In general, the antibacterial effectiveness of polymer-and-metal nanocomposites improves with a high surface/volume ratio, which increases the number of ions released from the nanoparticles into the polymer. The mechanism of the corrosion of Cu in aqueous solutions and the resulting Cu species vary with pH. In general, the species Cu2O and CuO are formed and can be dissolved in Cu ions. Elemental metal particles require the presence of water and oxygen molecules to release a small amount of ions. Therefore, retention of water and oxygen within the polymer is crucial for the release of Cu ions. Some properties of polymer-and-metal nanocomposites such as the crystallinity and polarity of the matrix, which constitute a barrier for the diffusion of water molecules and ions during their propagation, can affect the rate of release. Shankar and Rhim [49] prepared films composed of PBAT and Ag nanoparticles (PBAT/Ag-NPs) that showed strong antibacterial activity against E. coli and Listeria monocytogenes compared with that of PBAT films without Ag-NPs. Similar results were obtained by Venkatesan and Rajeswari [45] when they evaluated the antimicrobial activity of ZnO-NPs incorporated in a PBAT matrix. The PBAT compound, which was used as a control matrix, showed no antimicrobial activity compared to the PBAT/ZnO-NPs nanocomposite films. The results showed that the films had high bactericidal activity against the pathogens tested (E. coli and S. aureus), with increased inhibition of bacterial growth as the ZnO load concentration increased from 1 to 10% by weight. This ability of Cu, Zn, and Ag nanoparticles to inhibit bacterial growth is mainly due to the irreparable damage to the membrane of the bacterial cells caused by the interaction between the surface of the bacteria and these oxides and metals [52, 53]. Compared with the works discussed above, our investigation found significant antimicrobial activity against inpatient and oral-resistant strains.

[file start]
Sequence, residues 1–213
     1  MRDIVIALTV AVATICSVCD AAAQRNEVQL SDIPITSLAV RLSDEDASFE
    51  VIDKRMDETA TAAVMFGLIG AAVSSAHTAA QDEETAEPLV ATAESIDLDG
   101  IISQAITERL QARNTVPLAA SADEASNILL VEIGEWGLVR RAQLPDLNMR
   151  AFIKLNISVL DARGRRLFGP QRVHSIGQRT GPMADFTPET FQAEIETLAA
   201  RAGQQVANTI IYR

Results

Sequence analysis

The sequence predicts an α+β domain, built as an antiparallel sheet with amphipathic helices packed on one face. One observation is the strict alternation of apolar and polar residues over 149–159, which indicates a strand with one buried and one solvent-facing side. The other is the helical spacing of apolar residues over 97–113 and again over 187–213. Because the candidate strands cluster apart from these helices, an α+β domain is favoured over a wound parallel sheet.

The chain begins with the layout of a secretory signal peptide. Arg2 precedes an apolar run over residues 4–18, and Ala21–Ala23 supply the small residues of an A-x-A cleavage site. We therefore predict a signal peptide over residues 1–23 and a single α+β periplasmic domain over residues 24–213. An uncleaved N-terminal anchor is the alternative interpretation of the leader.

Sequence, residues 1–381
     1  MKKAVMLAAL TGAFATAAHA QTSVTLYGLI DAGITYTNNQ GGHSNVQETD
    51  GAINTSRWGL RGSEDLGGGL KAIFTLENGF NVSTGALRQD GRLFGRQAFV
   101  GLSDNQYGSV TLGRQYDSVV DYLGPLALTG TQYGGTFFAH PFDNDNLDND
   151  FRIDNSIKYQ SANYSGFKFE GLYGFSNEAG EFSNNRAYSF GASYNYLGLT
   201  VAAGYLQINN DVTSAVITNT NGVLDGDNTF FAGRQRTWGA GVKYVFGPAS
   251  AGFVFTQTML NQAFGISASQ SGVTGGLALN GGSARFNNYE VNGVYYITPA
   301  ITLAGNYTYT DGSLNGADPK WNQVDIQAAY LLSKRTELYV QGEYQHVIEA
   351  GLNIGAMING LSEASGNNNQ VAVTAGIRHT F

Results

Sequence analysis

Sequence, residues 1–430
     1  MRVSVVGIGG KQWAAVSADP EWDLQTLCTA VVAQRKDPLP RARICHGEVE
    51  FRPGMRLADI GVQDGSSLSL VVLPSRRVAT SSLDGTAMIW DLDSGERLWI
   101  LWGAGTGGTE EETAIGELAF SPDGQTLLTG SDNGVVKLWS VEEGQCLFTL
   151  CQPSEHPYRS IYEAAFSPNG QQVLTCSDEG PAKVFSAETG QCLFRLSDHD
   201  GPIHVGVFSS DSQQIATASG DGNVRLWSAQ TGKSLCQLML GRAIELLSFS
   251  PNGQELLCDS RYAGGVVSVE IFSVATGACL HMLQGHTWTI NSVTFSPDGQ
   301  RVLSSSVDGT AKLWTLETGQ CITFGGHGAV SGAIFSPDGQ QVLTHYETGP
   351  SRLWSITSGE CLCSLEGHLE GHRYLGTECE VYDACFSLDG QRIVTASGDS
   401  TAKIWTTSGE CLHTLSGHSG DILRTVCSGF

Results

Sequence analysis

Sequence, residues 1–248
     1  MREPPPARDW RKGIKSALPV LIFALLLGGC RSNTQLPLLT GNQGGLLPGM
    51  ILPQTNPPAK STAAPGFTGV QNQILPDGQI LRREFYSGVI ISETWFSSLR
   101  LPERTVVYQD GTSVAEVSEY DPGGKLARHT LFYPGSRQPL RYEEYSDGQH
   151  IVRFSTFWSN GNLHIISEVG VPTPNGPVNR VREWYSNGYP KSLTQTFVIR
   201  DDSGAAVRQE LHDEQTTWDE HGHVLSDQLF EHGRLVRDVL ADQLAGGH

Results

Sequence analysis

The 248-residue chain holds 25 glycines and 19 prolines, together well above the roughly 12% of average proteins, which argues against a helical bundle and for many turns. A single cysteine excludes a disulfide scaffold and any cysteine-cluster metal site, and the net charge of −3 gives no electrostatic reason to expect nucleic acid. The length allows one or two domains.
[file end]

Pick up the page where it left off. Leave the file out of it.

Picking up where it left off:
To complement this investigation, we performed water absorption tests using three different media and following point 7.4, “Long-Term Immersion”, in ASTM D570-98. The results of these tests are reported in the supplementary material, Additional file 1: Table S2–S4 and Figure S8, with their respective analysis. Analysis showed that sulfate-based composite materials absorb large amounts of water, even in acidic and basic environments. This phenomenon greatly affects the mechanical properties of these materials; however, resistant bacteria, such as A. baumannii, require an immediate Cu+ distribution to control them. This explains the antimicrobial power of CuSO4 within the PBAT matrix.

Conclusions

Using XRD and TEM, we determined that the synthesis of nanocomposites and material composites based on PBAT using chemical reduction and a mixture of metal Cu nanoparticles with CuO2, where Cu had a spherical morphology and Cu2O had a polyhedral morphology. The structural characterization of the NCs and MCs by FTIR and XRD showed that the Cu-NPs, Cu|Cu2O-NPs, and CuSO4 reinforcements did not modify the structure of the PBAT. However, they did slightly alter the percentage of its crystallinity, which increased with NPs and decreased with CuSO4. On the other hand, the mechanical properties of the PBAT for both the NCs and MCs did not vary significantly with the addition of reinforcements, meaning that the PBAT maintained its mechanical properties. From the thermal tests, we concluded that reinforcing the PBAT did not fundamentally improve its thermal properties, it only increased its thermal stability a few degrees Celsius, which is not significant. Antimicrobial analyses showed that the Cu|Cu2O-NPs within the PBAT generated antibacterial activity against E. faecalis and S. mutans and excellent bactericidal properties against S. aureus. CuSO4 had a good bactericidal response against A. baumannii, E. faecalis, and S mutans and an exceptional response against S. aureus. The PBAT without loads did not present bactericidal properties when in contact with the bacterial strains. In general, the addition of loads into the PBAT generates bactericidal activity that the polymer does not possess by itself. The addition of CuSO4 yielded the best antimicrobial response against the four strains used in this investigation. In the search for new applications for bionanocomposites, it will be essential to evaluate their antimicrobial response in food containers, medical devices, packaging, and other products; analyze their biocidal effects against other bacteria against which only NPs have antibacterial characteristics; and justify the expense associated with their synthesis.